Blitz the onion, ginger and garlic in a mini food processor ( or finely chop) then soften in the microwave (in a covered bowl) for a couple of minutes, alternative fry on low until soft and translucent. Transfer onion mix to small sauce pan and begin to fry (add fresh chilli here if you like it hot), add curry powder, fry off for a min then add peanut butter, coconut milk, sweet chilli and stir until combined. Add soy and lime, bring to the bubble, taste and adjust ingredients to suit. Set aside whilst you prep the noodles.
Soak your rice noodles in boiled water until tender (I usually keep changing the water, about 3 times, in between 2 min soaks so that I’m not hanging around too long and the noodles stay hot as well as soft. Once the noodles are ready, drain and toss with the spinach. Boil up sauce and add half to the mix, stir together, mix in half the roasted squash and plate up. Top with the remaining and most beautifully charred squash, maybe a few crushed peanuts and some chopped coriander (miss out the last 2 steps if you are like me and can’t be arsed with faffing around when you are hungry).
Tip: If you don’t have a use for the remaining half a tin of coconut milk, half an onion (aka the awkward leftovers) double up the sauce recipe and freeze some for the next time you feel satay inclined, I’m not actually sure why I didn’t do this, oops…
Well hello there. No more apologies, I’m just slack ok? ...and, well, I do have a quite demanding day job too, so yeah… let’s just leave it there.
This is the perfect cake for cool, blustery, drizzly days, it warms you, settles you and is practically a health food (ok it is a cake). I was a bit poorly yesterday and was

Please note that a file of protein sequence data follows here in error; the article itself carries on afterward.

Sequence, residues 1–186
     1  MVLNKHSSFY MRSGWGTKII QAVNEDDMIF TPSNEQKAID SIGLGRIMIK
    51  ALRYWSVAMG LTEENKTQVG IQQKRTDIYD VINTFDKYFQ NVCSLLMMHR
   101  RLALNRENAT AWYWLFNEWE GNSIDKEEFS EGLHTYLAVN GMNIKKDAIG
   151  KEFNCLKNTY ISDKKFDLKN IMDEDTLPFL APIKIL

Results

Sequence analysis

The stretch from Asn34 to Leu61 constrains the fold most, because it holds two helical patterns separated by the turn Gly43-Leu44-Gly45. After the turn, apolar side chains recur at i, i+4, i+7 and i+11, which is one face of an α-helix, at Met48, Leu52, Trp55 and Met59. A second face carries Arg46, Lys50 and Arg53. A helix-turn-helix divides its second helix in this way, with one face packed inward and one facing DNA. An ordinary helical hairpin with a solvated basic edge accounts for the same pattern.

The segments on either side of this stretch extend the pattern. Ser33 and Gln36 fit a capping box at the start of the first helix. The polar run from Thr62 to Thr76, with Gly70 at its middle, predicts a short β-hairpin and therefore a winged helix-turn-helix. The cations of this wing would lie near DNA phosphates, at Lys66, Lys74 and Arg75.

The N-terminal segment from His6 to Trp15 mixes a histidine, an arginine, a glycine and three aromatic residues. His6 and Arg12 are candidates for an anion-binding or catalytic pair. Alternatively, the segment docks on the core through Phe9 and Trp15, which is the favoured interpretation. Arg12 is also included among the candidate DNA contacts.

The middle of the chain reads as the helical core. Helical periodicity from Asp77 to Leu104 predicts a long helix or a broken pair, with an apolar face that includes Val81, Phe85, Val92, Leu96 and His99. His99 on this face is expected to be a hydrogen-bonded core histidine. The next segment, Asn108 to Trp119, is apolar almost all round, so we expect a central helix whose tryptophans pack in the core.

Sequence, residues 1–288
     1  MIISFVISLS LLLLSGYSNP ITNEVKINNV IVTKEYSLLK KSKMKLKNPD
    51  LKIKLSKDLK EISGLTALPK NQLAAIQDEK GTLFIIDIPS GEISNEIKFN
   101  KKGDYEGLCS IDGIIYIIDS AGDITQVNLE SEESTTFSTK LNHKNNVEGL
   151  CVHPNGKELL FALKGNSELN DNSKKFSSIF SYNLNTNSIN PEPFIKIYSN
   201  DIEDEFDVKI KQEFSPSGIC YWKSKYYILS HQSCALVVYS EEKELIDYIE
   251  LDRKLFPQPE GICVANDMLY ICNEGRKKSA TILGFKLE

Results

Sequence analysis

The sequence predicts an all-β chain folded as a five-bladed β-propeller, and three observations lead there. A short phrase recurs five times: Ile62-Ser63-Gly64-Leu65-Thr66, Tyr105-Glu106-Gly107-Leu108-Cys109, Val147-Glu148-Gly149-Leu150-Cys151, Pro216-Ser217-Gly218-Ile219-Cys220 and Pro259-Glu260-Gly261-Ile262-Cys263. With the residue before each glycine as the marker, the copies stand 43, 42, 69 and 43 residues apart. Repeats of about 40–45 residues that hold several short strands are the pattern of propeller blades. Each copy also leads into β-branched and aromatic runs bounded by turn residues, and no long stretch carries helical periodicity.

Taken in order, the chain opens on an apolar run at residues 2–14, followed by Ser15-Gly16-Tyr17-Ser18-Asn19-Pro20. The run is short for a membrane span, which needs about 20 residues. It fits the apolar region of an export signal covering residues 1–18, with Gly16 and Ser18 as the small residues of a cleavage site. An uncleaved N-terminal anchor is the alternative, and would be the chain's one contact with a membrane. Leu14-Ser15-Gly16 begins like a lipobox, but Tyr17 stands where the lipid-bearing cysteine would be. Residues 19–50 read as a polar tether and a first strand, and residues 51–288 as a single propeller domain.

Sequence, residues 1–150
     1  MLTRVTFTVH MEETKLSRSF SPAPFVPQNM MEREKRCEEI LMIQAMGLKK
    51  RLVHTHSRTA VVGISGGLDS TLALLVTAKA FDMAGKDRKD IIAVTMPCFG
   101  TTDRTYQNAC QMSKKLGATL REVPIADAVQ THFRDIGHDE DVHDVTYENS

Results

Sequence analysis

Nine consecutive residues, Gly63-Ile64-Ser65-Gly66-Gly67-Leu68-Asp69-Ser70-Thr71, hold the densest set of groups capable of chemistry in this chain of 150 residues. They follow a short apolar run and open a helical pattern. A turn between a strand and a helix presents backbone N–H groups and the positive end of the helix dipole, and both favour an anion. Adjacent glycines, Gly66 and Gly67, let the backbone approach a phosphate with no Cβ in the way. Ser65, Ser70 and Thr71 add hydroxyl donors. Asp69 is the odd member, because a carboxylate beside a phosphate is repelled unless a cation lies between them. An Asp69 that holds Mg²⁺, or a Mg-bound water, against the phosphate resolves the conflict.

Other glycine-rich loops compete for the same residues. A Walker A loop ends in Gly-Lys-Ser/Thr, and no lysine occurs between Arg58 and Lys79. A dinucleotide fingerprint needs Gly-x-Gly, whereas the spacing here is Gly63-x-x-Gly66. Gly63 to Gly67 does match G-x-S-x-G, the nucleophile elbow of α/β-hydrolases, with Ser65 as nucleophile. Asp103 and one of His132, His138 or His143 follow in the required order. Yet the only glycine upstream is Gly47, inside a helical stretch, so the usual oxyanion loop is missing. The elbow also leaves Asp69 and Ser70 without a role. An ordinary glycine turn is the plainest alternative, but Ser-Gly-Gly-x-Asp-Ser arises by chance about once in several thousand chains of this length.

researching looking up all things ginger on the internet in search of something to settle my stomach. However I was a bit too sick to actually get up off my arse and cook something so, today, feeling better, having done some work (got to get that in there!), I felt it was time to experiment a little in the kitchen again. I’m a big fan of this combination of flavours in a juice, but after ordering one of those juicing contraptions a couple of years ago (well, actually I bought one twice, once when I was a teenager, insisting it would be used every day and I would clean it meticulously, in fact I think it’s still in my parent’s cupboard, coated in dried up vegetable mush) I hastily sent the second one back after switching it on and realising it sounded like a Mitsubishi motorbike revving in our kitchen, not necessarily what you want as your invigorating wake up call of a morning. Anyways cake is much better isn’t it, juice is for namby pamby health freaks, cake however is a health food of the more sophisticated mind, you have to think about it a bit harder, but yes, it is good for you in so many other ways.
Right enough of this clap trap, onto the cake.
Pre-heat the oven to 180 degree (fan) or 200. Grease and line a loaf tin.
Cream the butter and sugar until pale and fluffy (nuke a little if solid from the fridge). Add the eggs, one by one, and beat in. Add flour, stir. Add ground ginger, apples, carrots and chopped up stem ginger and mix (try to sprinkle the stem ginger around the bowl a bit to stop it clumping together). Turn mix into loaf tin and bake for about an hour (or until a knife comes out clean). Serve however you bloody fancy, I’ve already tucked into mine warm from the oven – it’s good.